ASAP Rocky, Schoolboy Q, Danny Brown
October 27, 2012
To finish up the California portion of the “LONGLIVEA$AP” tour, a show was lined up at our favorite Santa Ana spot, the Observatory. It was sold out several weeks in advance, so before we even entered the industrial outlining of the Observatory on Saturday, we knew to expect a crowd ready to pop like a cellar full of uncorked Champagne bottles. All three of the bill's performers — Harlem's ASAP Rocky, Detroit's gap-toothed wordsmith Danny Brown, and LA's grooviest Schoolboy Q — are quickly building bodies of work worth listening to for years to come and have established fanbases large enough to have their own portion of the census. Everything was set up for enough anticipation to get everyone doing Birdman's signature hand-rubbing.
Danny Brown was first up to perform, and emerged looking like the rap game Robert Smith. That is, if Robert Smith had replaced his entire career with a descent into riotous madness aided and abetted by ecstasy, amphetamines, and Hennessy.
Throughout Brown's set, he revealed himself as the clear “lyricist's choice” of his tourmate trio, while keeping the atmosphere at a level heated enough to keep up with his bars. Things only slowed down for a couple moments during “I Will” and “Radio Song.” Otherwise, wildfire-starting cuts like “Black Brad Pitt,” “Witit,” and “Bruiser Brigade” ensured no one would leave the venue with any remaining pent-up aggression.
After Brown closed down shop, Schoolboy Q moved to the front stage. Signature bucket hat placed firmly on his head, he bounced, jumped, and gestured enough to scientifically prove his mid-show rant about begrudgingly losing weight due to his spirited outings on tour.
However, his set did have more of a groove and received a great deal of body-nodding alongside all the propelled bodies and arms-as-weapons spasms. Much of what he performed was from his most recent release Habits and Contradictions, and judging by the faces in the audience, most people had that album memorized.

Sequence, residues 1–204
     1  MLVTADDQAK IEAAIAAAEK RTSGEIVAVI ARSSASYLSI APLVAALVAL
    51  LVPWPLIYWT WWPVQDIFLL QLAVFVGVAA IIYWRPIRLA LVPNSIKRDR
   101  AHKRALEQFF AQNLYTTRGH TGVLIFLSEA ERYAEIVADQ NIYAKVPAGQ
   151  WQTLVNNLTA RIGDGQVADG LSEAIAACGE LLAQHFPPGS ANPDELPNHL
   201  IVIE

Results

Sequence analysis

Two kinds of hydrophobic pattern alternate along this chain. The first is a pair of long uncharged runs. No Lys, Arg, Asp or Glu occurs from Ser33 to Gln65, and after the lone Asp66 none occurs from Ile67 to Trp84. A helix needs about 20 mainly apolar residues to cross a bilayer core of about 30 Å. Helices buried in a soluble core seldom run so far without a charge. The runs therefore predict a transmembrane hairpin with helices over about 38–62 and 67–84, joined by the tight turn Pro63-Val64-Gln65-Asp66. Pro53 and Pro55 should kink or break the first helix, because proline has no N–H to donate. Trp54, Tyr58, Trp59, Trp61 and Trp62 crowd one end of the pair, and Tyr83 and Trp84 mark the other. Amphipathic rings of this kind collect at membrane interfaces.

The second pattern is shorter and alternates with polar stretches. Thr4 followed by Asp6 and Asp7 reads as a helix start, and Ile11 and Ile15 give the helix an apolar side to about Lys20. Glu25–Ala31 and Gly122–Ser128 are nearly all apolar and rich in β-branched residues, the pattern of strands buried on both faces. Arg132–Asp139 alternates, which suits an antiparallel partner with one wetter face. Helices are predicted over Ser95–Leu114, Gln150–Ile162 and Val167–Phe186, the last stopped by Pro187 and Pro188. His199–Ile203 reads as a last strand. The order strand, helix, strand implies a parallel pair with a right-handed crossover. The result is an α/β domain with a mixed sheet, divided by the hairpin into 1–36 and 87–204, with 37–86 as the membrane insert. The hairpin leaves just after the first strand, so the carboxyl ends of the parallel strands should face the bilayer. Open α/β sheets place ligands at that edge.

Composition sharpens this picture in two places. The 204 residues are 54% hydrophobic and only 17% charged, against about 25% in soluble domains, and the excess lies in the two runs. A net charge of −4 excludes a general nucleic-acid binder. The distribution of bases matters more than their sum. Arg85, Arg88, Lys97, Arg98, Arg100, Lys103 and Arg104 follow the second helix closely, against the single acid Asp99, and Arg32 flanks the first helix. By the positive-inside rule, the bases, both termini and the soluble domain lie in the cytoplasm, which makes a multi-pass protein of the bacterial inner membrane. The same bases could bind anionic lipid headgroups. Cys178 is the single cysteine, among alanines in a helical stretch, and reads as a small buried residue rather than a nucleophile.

Q couldn't leave the stage without letting everyone in on a wider look at the TDE picture, though. He led the audience into a yell-a-long of Kendrick Lamar's anthem “ADHD,” and labelmate/collaborator Ab-Soul joined Q to perform a couple verses. On it's own, Q's set was money well spent, but he was sharp enough to know that a California crowd will eat up a more inclusive TDE set just like they would if Snoop Dogg brought out Dr. Dre.
ASAP Rocky and his mob chose a haunting, almost apocalyptic backdrop to come out to. Upside down, grayed out American flags acted as sentinels of the stage, and the environment was dressed up like a war exhibit at a museum.
Alongside Rocky, two militantly dressed up figures with gasmasks on joined him to begin his show. At first, he kept the vibe narcotized with cuts like “Wassup” and “Purple Swag.” It wasn't until he retreated backstage for a moment and gathered the entire ASAP Mob that he really lived up to the name he's made for himself.
After a short interlude, the entire ASAP Mob rushed on stage. It looked as if a nest of spiders had been disturbed, as every member jumped around and took an uneasy formation all over the stage. Trap-rap fight songs such as ASAP Ferg standout “Work” and ASAP Nast's “Black Mane” made it appear as if the 1017 Brick Squad and Lex Luger had seized the stage.
After the ASAP Mob explosion, Schoolboy Q came out for the ASAP Rocky collaborations “Brand New Guy” and “Hands on the Wheel,” concentrating all of the strength of his previous set into that short outing. Needless to say, it felt like the venue was going to collapse on itself.
ASAP Rocky subdued the intensity for the last part of his set, bringing things full-circle back to the motions of the first few songs. Before launching into the finale of “Peso,” he spoke about experiencing racism growing up and wanting to end it, and he gave a small speech centered on unity. It seemed heartfelt, and even if we can't pick out too many messages in ASAP's music, it's refreshing to know he does have more on his mind than, well, “Coke and White Bitches.”
The Crowd: Lots of people under 18 and 21. Lots of people who wear Supreme and Black Scale. Lots of girls with high-waist shorts. Lots of guys with Nikes.
Random Notebook Dump: ASAP Ferg has enough of an on-stage presence to put on a headlining tour of his own. That's going to be one intense show.
Critic's Bias: I have so many mixes and playlists with ASAP Rocky, Danny Brown, and Schoolboy Q on it I've lost track.